I used to dislike Valentine's Day.
It started in grade school. In the early years, every kid in the class was required to give a valentine to every other kid, a "no one gets left out" approach. Although boys still considered girls officially icky, that was a public stance. I had crushes on certain girls even then, but I would rather die than admit it. I'm fairly certain that other boys in my class felt the same. Anyway, all you had to do was get a big box of assorted valentines and make sure that you had one for each kid. Easy enough, right?
It would have been, if I had indiscriminately grabbed a valentine out of the box, shoved it in an envelope, and wrote a name on it. Yet my love of drawing, graphics and color compelled me to look at each design. There were some that I really liked, some that were OK, and some that I thought were terrible. I tried to sort them, so I could give my favorite designs to my friends, while keeping the very best for the girls I had crushes on. It never worked out right, and I would drive myself insane, sorting and re-sorting. As if it mattered -- no one ever got a prize for "the most artistic distribution of assorted valentines."
I went to an all-boys Catholic high school in the city. When I was a freshman, my girlfriend attended the local public high school. A mutual friend suggested it would be a smooth move to have flowers delivered to her school on Valentine's Day, and she could help me arrange it through their high school. She called that night, and asked me what color flowers I wanted to send, explaining that different colors carried different connotations. All I remember was that red meant love. I really liked my girlfriend, but I was 14 years old. I didn't feel comfortable with public professions of love, so I chose a different color. That was pretty much the end of that relationship.
It didn't get much easier as an adult. If I didn't have anyone on Valentine's Day, I always felt terrible. If I did have someone, I usually felt terrible anyway. In my experience, the reality never matches the expectations, like a mini New Year's Eve in the middle of February. I never had this problem with anniversaries, but I find universally planned romanticism to be a flawed concept.
Over 10 years ago, my dislike of Valentine's Day grew to hatred.
This had nothing to do with a relationship, but my job. I worked for a company that is sometimes called a print finisher or converter. Our customers were printers, and we would receive printed sheets and convert them into final product. We got some overflow work from one of the major greeting card companies, and one year I was the project manager for their entire line of Valentine's cards.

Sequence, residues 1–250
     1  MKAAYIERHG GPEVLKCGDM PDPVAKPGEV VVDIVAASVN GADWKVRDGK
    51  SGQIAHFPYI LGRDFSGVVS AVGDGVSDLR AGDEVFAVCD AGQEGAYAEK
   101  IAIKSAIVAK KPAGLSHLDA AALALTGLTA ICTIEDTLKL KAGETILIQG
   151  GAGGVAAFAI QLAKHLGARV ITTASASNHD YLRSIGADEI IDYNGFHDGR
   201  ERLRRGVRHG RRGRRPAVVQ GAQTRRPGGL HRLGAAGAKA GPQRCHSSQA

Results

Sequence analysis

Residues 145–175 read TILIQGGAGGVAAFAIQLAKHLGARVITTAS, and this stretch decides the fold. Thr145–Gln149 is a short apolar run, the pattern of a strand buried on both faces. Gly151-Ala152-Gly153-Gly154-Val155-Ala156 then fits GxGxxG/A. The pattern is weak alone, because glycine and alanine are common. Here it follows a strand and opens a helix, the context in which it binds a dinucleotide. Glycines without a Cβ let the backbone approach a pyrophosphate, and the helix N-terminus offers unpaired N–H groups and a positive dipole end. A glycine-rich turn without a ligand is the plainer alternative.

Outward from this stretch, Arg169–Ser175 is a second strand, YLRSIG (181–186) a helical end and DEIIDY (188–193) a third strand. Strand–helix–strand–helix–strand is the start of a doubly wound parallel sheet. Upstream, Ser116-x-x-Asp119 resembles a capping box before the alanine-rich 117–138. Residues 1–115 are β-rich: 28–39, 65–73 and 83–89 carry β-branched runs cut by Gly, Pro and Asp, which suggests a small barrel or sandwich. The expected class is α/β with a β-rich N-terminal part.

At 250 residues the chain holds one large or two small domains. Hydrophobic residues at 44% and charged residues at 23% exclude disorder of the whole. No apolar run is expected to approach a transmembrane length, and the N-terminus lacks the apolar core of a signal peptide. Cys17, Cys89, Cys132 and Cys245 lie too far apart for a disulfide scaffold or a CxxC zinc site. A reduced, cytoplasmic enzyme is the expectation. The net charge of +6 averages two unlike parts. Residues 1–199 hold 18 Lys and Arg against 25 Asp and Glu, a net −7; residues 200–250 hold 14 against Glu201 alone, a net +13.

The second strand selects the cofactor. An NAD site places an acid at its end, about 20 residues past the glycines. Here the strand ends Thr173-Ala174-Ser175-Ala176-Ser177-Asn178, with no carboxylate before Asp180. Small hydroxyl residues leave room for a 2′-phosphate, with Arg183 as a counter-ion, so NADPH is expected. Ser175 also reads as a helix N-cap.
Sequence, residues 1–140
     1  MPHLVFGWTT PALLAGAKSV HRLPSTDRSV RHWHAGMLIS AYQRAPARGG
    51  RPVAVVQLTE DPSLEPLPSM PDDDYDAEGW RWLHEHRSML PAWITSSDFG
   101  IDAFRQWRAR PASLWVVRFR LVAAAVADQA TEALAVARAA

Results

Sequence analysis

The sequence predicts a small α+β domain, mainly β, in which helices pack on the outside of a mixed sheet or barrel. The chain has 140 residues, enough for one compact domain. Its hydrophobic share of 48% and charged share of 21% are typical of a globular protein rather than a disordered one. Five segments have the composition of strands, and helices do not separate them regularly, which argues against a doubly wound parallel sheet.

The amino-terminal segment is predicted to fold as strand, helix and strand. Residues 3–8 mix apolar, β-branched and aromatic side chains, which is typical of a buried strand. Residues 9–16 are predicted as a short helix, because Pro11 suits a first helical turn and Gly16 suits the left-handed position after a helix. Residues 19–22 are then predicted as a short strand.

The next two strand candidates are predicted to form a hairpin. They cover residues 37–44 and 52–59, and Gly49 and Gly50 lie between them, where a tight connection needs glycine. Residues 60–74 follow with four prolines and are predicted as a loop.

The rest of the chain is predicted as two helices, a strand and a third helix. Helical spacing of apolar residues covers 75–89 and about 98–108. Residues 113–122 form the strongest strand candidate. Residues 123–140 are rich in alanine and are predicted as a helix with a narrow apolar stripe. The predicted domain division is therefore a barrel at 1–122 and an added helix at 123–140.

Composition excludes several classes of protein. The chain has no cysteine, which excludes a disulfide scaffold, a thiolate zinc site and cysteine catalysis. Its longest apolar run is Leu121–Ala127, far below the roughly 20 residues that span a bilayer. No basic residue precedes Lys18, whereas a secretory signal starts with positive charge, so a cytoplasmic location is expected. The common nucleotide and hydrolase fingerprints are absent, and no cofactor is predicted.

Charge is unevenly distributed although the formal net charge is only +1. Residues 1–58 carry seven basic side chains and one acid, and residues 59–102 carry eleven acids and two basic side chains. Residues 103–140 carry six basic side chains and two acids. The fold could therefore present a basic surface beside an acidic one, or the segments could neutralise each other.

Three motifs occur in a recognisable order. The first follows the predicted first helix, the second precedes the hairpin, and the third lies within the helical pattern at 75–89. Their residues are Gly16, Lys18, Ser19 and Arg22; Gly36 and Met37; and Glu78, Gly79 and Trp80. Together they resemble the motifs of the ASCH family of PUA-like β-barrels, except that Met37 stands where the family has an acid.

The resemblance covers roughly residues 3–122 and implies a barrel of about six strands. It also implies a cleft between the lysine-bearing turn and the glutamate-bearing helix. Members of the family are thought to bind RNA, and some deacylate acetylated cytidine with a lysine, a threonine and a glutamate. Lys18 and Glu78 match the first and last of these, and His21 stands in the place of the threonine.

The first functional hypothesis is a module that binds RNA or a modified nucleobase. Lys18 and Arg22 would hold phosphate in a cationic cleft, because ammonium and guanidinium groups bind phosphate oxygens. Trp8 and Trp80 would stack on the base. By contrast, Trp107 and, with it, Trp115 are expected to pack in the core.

Due to the lead times needed to get everything produced and shipped to all the retail stores, I was working on this project in the middle of summer. There were over a hundred different designs. I had to order and keep track of all the different components, like different colors of shiny foils, fake rhinestones, glitter, ribbons and bows. I had boxes and boxes of product to keep track of, and inevitably we'd end up a few pieces short of this piece or that, causing last minute re-orders for lavender foil or pink rhinestones from Indonesia. I remember spending a few lunch hours driving around to local craft stores, looking for little fake silk bows. Good times.
Most of the effects we could do in house, but some had to be sent out. One such effect was glitter. After it was applied, the cards would return for us to fold and package. I remember a machine-operator getting accused of being at a strip club by his wife, after he came home with glitter all over his clothes. How romantic!
The worst was something called "flocking." Basically, it produces a raised, fuzzy effect -- I believe that's how GI Joe's "life-like beard" was produced back in the day. Anyway, one over-sized card had a flocked heart covering the front panel. I got called out into the shop and yelled at by the Plant Manager. He'd first point his finger at the high speed die cutter, a million dollar machine, now completely covered in pink flocking dust, and then back at me - what fun!
Currently, I am single and relieved, but I'd like to start dating again. So if you're out there somewhere Doris (a generic name to indicate a future romance, devised by my college roommate), don't be surprised to receive a hand-drawn, plain Valentine's Day card -- in August.